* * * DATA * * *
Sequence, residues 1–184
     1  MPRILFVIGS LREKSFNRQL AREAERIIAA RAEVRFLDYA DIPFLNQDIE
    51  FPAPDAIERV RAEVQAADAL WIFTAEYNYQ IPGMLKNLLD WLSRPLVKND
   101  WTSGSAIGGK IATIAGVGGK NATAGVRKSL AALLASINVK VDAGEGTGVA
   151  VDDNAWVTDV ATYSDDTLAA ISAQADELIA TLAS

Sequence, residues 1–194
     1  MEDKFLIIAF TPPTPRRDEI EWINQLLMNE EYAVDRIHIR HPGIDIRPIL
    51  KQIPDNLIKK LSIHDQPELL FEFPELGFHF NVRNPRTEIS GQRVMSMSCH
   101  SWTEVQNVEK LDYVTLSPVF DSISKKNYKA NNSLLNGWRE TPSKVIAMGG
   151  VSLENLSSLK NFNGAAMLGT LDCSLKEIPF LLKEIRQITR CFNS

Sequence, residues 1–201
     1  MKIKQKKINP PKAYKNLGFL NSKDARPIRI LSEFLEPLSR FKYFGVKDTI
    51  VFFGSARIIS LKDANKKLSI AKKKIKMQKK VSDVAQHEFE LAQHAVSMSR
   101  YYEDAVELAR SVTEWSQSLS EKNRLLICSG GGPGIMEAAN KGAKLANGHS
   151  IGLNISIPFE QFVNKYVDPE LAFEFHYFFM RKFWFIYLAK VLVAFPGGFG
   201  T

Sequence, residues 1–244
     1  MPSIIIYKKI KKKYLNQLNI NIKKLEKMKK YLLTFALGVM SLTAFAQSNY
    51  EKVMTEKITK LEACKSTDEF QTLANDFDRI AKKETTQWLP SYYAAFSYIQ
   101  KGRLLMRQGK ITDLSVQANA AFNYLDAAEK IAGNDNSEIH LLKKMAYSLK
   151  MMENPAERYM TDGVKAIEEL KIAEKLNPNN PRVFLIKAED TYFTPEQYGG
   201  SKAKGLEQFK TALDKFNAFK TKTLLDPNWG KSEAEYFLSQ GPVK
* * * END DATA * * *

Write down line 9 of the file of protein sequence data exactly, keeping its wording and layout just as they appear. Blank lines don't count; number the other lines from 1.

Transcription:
   101  SWTEVQNVEK LDYVTLSPVF DSISKKNYKA NNSLLNGWRE TPSKVIAMGG